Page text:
Emancipation Day Message From The Most Hon. Portia Simpson Miller, ON, MP, Prime Minister Of Jamaica


Emancipation Day is cause for celebration not only for Jamaicans but for freedom-loving people everywhere.

We commemorate this day because it marked the end of an evil system of enslavement that robbed our ancestors of their fundamental right to dignity and respect as human beings.

This is a time when we highlight the bold determination and the sometimes open defiance of those who went before us as they fought for the most basic rights that we enjoy today.

Some of them paid the ultimate price for the freedoms that served to set the stage for the creation of our Jamaican nation.

As we celebrate the ending of slavery, the question is, what is the significance of Emancipation from slavery for us today?

Emancipation should not be seen merely as a trophy that we take out every year to polish, admire and remind us of the vision and bravery of our ancestors.

It is not a time to pat ourselves on the back and then return to complacency and a sense of powerlessness to tackle the current challenges.

The celebration of emancipation would be empty if we are not inspired to catch that spirit of determination to be free of limitations, which was in Sam Sharpe’s belly as he led the Emancipation Rebellion.

Emancipation Day would be just another holiday unless we recognize it as an important step in an on-going journey to higher levels of freedom.

Each new stage in the journey begins with a vision – a vision of forward movement and a deep hunger for freedom from whatever it is that holds back our progress and development.

Emancipation Day 2006 calls us to reject the old, toxic thinking and embrace new forward-looking concepts that will put our nation firmly on the path of transformation.

As we entertain the vision of a Jamaica that works for every one of its citizens, we need to emancipate ourselves from the old idea that any individual human being, or group, is inferior to another; the old idea that women are lesser beings; the old idea that any one of us, whether called “leader” or plain citizen, can escape our share of responsibility for the results we achieve as a country.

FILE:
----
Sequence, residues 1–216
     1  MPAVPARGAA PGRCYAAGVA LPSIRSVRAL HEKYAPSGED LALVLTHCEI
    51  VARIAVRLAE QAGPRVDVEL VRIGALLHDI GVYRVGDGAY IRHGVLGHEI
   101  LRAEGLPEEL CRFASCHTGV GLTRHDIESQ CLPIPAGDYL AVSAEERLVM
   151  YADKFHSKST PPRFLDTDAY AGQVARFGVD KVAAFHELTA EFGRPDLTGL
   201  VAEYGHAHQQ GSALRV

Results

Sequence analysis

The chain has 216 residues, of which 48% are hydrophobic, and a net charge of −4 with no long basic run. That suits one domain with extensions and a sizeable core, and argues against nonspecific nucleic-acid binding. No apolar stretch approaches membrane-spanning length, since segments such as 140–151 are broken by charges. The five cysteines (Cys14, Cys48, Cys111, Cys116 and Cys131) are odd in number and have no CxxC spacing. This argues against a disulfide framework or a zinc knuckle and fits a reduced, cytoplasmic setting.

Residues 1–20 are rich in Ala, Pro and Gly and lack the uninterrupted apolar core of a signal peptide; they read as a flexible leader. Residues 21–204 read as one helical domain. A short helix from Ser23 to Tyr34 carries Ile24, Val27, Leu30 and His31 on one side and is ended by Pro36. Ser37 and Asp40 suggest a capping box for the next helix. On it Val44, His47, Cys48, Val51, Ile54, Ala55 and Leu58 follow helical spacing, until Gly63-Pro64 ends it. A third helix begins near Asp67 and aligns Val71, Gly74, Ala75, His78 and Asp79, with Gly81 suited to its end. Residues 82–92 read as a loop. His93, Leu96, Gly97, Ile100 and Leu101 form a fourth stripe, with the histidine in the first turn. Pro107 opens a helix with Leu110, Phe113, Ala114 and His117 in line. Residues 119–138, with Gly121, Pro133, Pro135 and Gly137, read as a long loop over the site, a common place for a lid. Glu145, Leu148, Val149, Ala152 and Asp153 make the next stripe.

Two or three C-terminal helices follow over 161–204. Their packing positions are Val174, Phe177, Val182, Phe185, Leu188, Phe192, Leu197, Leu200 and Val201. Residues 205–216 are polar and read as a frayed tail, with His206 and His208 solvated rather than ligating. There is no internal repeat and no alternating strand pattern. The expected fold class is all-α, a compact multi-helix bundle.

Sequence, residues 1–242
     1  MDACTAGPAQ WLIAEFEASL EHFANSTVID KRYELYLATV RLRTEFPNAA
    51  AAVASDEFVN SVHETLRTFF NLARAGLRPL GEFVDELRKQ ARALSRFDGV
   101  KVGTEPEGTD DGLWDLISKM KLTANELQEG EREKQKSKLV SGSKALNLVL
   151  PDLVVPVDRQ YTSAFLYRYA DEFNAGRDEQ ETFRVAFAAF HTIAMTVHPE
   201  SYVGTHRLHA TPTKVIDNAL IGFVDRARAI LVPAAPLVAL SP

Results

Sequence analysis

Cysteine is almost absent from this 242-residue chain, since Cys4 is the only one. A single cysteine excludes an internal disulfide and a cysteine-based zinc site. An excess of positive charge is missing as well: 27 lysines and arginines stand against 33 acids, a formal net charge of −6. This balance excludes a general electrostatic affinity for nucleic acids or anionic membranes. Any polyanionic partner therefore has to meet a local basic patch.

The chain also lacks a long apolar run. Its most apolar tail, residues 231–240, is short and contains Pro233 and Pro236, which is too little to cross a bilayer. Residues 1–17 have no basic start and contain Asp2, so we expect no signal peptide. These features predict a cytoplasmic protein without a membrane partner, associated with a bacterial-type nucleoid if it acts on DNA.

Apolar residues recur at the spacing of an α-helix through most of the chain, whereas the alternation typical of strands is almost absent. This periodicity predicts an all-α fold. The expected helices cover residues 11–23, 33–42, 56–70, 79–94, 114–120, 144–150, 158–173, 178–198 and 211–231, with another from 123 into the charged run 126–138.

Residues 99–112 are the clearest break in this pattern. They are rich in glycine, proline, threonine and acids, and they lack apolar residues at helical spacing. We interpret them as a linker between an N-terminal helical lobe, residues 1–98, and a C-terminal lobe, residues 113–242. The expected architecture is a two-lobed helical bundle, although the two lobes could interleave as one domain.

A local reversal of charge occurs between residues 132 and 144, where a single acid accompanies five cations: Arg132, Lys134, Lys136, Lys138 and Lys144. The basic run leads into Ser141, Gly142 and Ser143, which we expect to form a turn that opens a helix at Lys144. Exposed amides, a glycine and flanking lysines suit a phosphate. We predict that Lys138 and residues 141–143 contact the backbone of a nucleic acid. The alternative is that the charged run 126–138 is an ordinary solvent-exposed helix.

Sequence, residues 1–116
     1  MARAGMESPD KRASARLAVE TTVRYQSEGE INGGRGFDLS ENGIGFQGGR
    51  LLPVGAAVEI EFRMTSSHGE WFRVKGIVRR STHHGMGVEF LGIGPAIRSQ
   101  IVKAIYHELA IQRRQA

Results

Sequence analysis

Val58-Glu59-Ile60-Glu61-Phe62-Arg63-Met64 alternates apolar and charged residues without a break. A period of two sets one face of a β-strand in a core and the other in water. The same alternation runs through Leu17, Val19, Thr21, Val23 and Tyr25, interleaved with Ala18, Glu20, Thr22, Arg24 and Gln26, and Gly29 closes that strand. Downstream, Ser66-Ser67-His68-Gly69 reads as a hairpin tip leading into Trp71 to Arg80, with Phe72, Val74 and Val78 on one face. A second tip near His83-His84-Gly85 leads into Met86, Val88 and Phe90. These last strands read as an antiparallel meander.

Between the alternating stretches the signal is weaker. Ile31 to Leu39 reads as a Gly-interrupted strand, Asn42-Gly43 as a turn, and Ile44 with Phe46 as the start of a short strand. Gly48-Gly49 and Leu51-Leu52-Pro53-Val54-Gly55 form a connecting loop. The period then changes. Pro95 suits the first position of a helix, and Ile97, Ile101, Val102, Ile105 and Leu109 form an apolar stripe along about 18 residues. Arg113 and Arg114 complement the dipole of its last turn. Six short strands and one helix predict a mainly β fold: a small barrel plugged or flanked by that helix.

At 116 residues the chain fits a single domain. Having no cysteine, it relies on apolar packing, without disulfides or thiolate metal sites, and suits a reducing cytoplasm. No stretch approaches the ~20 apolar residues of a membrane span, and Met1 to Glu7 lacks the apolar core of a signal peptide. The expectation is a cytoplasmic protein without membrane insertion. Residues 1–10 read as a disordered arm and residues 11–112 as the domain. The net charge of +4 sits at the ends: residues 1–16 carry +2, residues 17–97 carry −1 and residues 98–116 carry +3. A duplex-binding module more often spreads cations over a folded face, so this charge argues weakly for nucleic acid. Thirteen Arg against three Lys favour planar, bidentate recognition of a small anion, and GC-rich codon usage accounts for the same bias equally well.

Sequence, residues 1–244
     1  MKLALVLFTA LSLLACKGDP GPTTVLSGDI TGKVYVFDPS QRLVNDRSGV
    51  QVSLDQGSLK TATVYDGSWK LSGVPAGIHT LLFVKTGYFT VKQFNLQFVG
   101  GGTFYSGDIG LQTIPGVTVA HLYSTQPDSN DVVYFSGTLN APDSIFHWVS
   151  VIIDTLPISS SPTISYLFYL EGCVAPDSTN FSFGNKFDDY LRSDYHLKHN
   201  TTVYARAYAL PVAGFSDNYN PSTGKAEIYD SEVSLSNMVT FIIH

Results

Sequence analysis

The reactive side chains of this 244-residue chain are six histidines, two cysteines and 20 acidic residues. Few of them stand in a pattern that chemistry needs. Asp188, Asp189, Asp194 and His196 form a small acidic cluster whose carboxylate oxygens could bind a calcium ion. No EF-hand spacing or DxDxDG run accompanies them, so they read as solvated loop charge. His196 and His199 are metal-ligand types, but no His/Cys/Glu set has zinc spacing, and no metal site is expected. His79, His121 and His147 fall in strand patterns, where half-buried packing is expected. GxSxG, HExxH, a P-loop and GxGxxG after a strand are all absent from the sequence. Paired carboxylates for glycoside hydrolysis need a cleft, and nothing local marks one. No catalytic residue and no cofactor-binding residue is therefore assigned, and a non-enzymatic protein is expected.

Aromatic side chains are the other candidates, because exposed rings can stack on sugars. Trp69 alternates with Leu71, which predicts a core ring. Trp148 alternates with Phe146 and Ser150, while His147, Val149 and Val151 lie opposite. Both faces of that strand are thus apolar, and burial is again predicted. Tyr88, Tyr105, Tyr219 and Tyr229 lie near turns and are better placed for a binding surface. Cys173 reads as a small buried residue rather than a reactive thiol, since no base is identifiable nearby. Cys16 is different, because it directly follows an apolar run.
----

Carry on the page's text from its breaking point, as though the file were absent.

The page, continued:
Today, we are being called upon to emancipate ourselves from the mental, spiritual and emotional shackles that allow this nation to tolerate the abuse of our children; violence as a way of life; corruption not only in the public domain, but wherever it is found; and the erosion of our fine community traditions that once served us well.

History will not be forgiving if we fail to truly emancipate ourselves, and create the loving, peaceful, prosperous and liberated Jamaica that our ancestors struggled to bequeath to us.

On this Emancipation Day, let us take heart from the struggles and accomplishments of our forebears and those who continue to surpass expectations and bring pride to our nation. In them, we can find renewed strength and inspiration to tackle the great work that remains to be done.

May God bless you all as you take this time to reflect on the past and, in the spirit of Sam Sharpe, Nanny of the Maroons, Cudjoe, Tackey, George William Gordon and all other freedom-fighters, strengthen your resolve to pursue the path to a brighter future.